Rutherfordium cannot be found in nature since it is a synthetic transuranium element produced in small amounts at specially equipped scientific laboratories. Atoms of element 104 can be produced and worked with only in strictly controlled conditions of nuclear institutes.
Rutherfordium in Everyday Life
Beyond scientific purposes, there is no other practical application of this radioactive transuranium chemical element.
How Dangerous Is Rutherfordium?
Ruthetherfordium’s radioactivity would be considered an extreme hazard affecting all life forms and environmental systems, provided there are larger quantities and a bigger exposure.
Environmental Effects of Rutherfordium
Due to the unstable nature and extremely short half-life of the isotopes of rutherfordium, the environmental effects of this chemical element cannot be considered.
Isotopes of Rutherfordium
There are 17 isotopes of rutherfordium with an atomic weight ranging from 253Rf to 270Rf. Since Rf is a radioactive transuranium element, it has no stable isotopes. With a half-life of 2.5 hours, 267Rf is the longest living form of element 104. Alpha decay and spontaneous fission are the primary decay modes of the rutherfordium isotopes.
|Z||N||Isotopic mass (Da)
[n 2][n 3]
[n 6][n 4]
|Excitation energy[n 4]|
|253Rf||104||149||253.10044(44)#||13(5) ms||SF (51%)||(various)||(7/2)(+#)|
|254Rf||104||150||254.10005(30)#||23(3) µs||SF (99.7%)||(various)||0+|
|255Rf||104||151||255.10127(12)#||1.64(11) s||SF (52%)||(various)||(9/2−)#|
|256Rf||104||152||256.101152(19)||6.45(14) ms||SF (96%)||(various)||0+|
|257Rf||104||153||257.102918(12)#||4.7(3) s||α (79%)||253No||(1/2+)|
|258Rf||104||154||258.10343(3)||12(2) ms||SF (87%)||(various)||0+|
|259Rf||104||155||259.10560(8)#||2.8(4) s||α (93%)||255No||7/2+#|
|260Rf||104||156||260.10644(22)#||21(1) ms||SF (98%)||(various)||0+|
|261Rf||104||157||261.10877(5)||68 s||α (76%)||257No||9/2+#|
|262Rf||104||158||262.10993(24)#||2.3(4) s||SF (99.2%)||(various)||0+|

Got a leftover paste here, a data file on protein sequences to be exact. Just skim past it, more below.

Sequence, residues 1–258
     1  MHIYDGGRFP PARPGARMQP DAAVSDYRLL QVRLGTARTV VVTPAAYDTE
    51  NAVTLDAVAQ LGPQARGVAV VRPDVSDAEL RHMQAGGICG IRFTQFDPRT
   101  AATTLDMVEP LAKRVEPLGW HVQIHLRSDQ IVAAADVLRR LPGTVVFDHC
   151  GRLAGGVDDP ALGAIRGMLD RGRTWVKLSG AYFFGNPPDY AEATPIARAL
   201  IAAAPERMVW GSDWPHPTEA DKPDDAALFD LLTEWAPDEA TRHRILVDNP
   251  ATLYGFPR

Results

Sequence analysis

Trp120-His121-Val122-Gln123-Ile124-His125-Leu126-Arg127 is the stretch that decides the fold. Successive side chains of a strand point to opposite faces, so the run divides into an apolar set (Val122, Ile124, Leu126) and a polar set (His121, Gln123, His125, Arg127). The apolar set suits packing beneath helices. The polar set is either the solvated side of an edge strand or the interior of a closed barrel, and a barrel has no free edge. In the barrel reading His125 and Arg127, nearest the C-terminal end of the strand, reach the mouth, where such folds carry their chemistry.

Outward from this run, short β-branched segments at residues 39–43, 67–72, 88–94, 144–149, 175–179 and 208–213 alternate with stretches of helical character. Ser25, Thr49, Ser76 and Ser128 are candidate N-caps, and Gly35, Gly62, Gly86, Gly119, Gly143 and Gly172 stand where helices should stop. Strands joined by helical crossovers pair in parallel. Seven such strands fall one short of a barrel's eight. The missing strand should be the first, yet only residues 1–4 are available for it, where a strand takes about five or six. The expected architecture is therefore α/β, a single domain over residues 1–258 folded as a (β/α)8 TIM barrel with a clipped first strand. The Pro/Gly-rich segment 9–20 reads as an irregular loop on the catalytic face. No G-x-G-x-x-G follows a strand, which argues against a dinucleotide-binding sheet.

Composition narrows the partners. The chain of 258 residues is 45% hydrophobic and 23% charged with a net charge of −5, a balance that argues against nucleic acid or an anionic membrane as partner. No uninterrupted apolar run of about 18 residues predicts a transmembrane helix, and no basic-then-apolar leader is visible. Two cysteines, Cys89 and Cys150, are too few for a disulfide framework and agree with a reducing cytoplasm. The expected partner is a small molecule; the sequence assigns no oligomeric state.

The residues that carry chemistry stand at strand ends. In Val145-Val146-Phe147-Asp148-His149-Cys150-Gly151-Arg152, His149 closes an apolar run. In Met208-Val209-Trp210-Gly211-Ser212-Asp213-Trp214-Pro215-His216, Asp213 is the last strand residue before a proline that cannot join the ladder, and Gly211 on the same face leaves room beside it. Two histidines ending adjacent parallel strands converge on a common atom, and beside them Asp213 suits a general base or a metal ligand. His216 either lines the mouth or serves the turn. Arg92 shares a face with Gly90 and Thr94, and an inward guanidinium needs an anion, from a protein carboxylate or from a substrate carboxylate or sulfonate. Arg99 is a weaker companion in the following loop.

|263Rf||104||159||263.1125(2)#||11(3) min||SF (70%)||(various)||3/2+#|
|265Rf[n 7]||104||161||265.11668(39)#||1.1 min||SF||(various)|
|266Rf[n 8][n 9]||104||162||266.11817(50)#||23 s#||SF||(various)||0+|
|267Rf[n 10]||104||163||267.12179(62)#||2.5 h||SF||(various)||13/2−#|
|268Rf[n 8][n 11]||104||164||268.12397(77)#||1.4 s#||SF||(various)||0+|
|270Rf[n 8][n 12]||104||166||20 ms#||SF||(various)||0+|
List of Rutherfordium Compounds
Element 104 is assumed to have a close-packed hexagonal crystal structure. In a compound, rutherfordium would mostly adopt the oxidation states of +2, +3, and +4.
5 Interesting Facts and Explanations
- Rutherfordium is the first transactinide element to be discovered by means of nuclear fusion reaction. The second super-heavy element discovered after Rf is dubnium (Db), followed by seaborgium (Sg), bohrium (Bh), hassium (Hs), meitnerium (Mt), darmstadtium (Ds), roentgenium (Rg), copernicium (Cn), nihonium (Nh), flerovium (Fl), moscovium (Mc), livermorium (Lv), tennessine (Ts), and the final one in the periodic table – oganesson (Og).
- Ernest Rutherford, 1st Baron Rutherford of Nelson, is known as the father of nuclear chemistry and nuclear physics. This great scientist discovered some of the basic concepts in chemistry, such as the nuclear half-lives, atomic nucleus, the proton, the alpha particle, and the beta particle. Rutherford also worked on radioactivity, the effects of X-rays on gases, as well as on the deliberate transformation of one element into another.
- After its discovery in 1964, rutherfordium was resynthesized in 1969.
- The American discovery of element 104 was independently confirmed in 1973. On the other hand, the work of the Dubna team of researchers was subjected to harsh criticism for altering and amending their findings in order to make their research data more credible.
- Since rutherfordium is a highly reactive radioactive substance, it could be successfully used in the production of nuclear power, as well as in radiology.